CHICAGO (Reuters) - Republican Mitt Romney cruised to an easy victory over top rival Rick Santorum in Illinois on Tuesday, moving him one step closer to clinching the party's volatile battle for the presidential nomination.
Romney's comfortable win gave him a fresh burst of momentum in the White House campaign and new ammunition for his argument that it is time for Republicans to rally around his campaign and end an increasingly bitter nominating battle.
"Elections are about choices, and today hundreds of thousands of people in Illinois have joined millions across the country to join our cause," Romney told cheering supporters in Schaumburg, Illinois, a Chicago suburb.
"I'm offering a real choice and a new beginning," he said, touting his business experience and ignoring his rivals to focus his criticism on President Barack Obama. "I have the vision and the experience to get us out of this mess."
With 95 percent of the votes counted, Romney had 47 percent and Santorum, a former U.S. senator from Pennsylvania, took 35 percent. Romney's remaining rivals, Newt Gingrich, the former U.S. House of Representatives speaker, and libertarian congressman Ron Paul, lagged badly. Gingrich was in fourth place.
While he has failed to win over many conservatives, Romney has more than twice as many delegates to the nominating convention as Santorum. Romney's campaign has argued that his rivals cannot catch him in the contest to pick a challenger to Obama in the November 6 election.
Santorum and Gingrich hope to keep Romney from capturing a majority of delegates by the time the nominating contests end in June, leaving the choice up for grabs among the party's mostly conservative delegates heading into the August nominating convention in Tampa, Florida.
"We don't need a manager," Santorum told supporters in Gettysburg, Pennsylvania after the results were announced, referring to Romney, who is the former head of a private equity firm. "We need someone who is going to pull government up by the roots and throw it out."
The win in Illinois allowed Romney to expand his lead in delegates over Santorum. A CNN delegate count gave Romney 540 delegates to Santorum's 239 in the race for the 1,144 needed to win the nomination.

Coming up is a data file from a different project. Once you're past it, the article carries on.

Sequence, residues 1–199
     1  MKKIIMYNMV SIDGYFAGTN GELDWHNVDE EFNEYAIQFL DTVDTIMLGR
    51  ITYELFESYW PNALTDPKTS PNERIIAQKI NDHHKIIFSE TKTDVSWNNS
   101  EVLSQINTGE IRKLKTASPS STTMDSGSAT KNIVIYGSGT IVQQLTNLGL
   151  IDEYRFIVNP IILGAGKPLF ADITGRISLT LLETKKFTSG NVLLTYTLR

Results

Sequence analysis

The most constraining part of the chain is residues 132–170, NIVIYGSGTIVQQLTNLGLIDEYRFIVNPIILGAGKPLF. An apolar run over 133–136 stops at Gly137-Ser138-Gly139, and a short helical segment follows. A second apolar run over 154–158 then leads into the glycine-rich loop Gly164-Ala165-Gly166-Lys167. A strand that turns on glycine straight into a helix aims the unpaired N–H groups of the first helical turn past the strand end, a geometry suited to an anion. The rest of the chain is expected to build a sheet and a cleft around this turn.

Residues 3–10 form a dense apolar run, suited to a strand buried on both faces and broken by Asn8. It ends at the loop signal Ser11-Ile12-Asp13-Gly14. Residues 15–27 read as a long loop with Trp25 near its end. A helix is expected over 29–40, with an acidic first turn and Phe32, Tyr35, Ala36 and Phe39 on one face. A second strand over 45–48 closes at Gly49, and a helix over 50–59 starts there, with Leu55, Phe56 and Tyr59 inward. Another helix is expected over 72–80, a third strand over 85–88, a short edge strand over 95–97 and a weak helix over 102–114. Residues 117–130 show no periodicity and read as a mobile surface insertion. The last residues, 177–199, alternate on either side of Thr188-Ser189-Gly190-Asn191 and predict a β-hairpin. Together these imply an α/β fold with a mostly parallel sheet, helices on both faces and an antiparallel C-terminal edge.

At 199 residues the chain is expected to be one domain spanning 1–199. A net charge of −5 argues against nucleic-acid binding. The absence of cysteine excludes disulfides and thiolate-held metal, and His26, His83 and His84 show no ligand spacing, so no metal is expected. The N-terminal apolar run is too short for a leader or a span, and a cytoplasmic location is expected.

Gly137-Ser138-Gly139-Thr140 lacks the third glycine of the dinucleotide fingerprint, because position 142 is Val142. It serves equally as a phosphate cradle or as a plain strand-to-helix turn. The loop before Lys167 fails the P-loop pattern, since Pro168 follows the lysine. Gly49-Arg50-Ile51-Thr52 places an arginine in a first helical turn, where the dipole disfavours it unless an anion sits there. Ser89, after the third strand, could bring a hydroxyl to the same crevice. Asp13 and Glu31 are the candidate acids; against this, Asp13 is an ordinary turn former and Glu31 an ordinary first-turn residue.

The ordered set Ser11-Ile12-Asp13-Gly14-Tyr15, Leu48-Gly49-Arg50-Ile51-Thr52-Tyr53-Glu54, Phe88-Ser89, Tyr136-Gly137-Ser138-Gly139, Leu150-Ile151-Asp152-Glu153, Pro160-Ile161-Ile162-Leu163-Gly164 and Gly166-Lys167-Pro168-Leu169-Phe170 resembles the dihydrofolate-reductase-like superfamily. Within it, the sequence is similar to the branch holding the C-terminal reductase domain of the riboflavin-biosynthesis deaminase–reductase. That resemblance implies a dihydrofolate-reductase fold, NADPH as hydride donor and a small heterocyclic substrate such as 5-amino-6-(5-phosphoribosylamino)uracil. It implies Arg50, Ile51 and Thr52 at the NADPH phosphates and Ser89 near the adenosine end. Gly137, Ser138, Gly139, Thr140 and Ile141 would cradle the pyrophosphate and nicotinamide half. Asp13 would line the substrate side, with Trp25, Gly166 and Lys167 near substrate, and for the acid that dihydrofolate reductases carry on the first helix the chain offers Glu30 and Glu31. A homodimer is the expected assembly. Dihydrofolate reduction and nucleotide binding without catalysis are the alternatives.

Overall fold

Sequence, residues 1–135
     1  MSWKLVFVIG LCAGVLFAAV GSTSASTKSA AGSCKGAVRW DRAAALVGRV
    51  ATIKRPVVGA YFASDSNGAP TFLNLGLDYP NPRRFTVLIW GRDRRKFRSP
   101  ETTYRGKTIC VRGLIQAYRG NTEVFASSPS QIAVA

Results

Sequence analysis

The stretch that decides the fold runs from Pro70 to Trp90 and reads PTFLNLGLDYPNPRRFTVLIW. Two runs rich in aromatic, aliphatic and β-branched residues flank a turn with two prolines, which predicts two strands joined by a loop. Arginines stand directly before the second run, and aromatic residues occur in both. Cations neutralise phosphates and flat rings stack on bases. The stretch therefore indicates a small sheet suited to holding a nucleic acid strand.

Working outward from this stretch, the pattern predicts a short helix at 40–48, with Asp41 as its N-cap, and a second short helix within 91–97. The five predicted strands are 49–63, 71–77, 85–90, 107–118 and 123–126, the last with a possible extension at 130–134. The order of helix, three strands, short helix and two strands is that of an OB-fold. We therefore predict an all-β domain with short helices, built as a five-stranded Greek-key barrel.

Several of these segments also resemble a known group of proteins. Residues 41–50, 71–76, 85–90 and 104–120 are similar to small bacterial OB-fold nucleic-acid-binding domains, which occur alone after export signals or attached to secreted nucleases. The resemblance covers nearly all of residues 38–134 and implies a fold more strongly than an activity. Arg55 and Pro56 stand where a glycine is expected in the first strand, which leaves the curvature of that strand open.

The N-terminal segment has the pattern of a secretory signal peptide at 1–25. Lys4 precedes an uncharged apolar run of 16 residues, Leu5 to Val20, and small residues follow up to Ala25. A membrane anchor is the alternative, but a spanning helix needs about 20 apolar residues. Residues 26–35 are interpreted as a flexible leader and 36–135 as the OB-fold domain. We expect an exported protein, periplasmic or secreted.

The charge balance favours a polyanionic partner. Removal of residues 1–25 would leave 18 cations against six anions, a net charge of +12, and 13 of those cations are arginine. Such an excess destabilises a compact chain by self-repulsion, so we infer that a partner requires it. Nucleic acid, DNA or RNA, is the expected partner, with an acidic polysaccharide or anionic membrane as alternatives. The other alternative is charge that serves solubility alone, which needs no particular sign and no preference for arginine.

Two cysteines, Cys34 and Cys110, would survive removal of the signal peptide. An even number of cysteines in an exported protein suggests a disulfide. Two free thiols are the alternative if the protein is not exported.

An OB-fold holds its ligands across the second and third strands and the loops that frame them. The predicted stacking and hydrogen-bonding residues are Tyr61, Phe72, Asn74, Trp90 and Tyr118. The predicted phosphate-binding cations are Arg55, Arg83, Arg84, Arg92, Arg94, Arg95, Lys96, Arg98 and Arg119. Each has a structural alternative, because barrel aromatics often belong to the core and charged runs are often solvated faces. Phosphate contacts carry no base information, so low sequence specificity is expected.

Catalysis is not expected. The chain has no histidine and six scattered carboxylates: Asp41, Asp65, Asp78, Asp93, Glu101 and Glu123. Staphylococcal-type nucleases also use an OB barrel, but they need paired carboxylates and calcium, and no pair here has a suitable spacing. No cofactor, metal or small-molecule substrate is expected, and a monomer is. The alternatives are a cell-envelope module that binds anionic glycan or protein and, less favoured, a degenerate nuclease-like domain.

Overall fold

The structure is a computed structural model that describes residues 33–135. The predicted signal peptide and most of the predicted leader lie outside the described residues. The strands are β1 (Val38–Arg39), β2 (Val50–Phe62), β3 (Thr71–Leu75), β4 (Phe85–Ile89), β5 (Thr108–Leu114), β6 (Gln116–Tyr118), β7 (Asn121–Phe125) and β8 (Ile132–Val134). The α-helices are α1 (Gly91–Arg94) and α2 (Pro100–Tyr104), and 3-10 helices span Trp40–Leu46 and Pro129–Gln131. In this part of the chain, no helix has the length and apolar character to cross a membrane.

There were 54 delegates to be allocated in Illinois from Tuesday's voting, but Santorum was not eligible to win many of them because he failed to meet deadlines to file a slate of delegates in some districts.
The results leave Santorum with a tough path in the Republican presidential battle, although the next contest, in the conservative southern state of Louisiana on Saturday, is a state where he should do well.
"We're feeling very, very good about winning Louisiana on Saturday," Santorum said.
The race then heads to Maryland, Wisconsin and the District of Columbia on April 3 and to five northeastern states, including his home state of Pennsylvania, on April 24. Without several key victories in those showdowns, Santorum could face growing pressure to end his bid.
Romney and Santorum had launched a new round of attacks on each other ahead of the vote, with Romney calling his rival an "economic lightweight" and Santorum accusing Romney of being "a Wall Street financier" who would have a hard time winning in November.
Santorum, a staunch social conservative, campaigned heavily in rural southern Illinois and courted conservatives who distrust Romney for the moderate stances he took as governor of liberal Massachusetts.
But the Illinois result followed a bad week for Santorum, who spent two days campaigning in Puerto Rico before losing badly there on Sunday. In an effort to minimize the importance of Romney's business experience, he also told a campaign rally he did not care about the unemployment rate.
The diverse electorate in Illinois paid off for Romney, who has been unable to translate his substantial financial and organizational advantages into broad support in many states.
Exit polls showed Santorum won among voters who said they were evangelical Christians, very conservative or strongly supported the conservative Tea Party movement, but those blocs were smaller than in states where Santorum has done well.
Evangelicals made up about four of every 10 voters in Illinois, compared to more than seven in 10 last week in the Mississippi and Alabama primaries, which Santorum won.
Romney, a multimillionaire who has struggled to connect with blue-collar voters, slightly led Santorum as the candidate who best understood the average Americans' problems, exit polls showed.
Despite his poor finish, Gingrich pledged to keep running until the convention. He said if Romney was unable to capture the delegates needed by the time voting ends in late June Republicans will have to evaluate who should be the nominee.
"If that's what happens, then we'll have a real conversation," Gingrich said on Fox News.
Additional reporting by Samuel P. Jacobs, Deborah Charles, Joanne Allen and Lily Kuo; Writing by John Whitesides; Editing by Alistair Bell and Paul Simao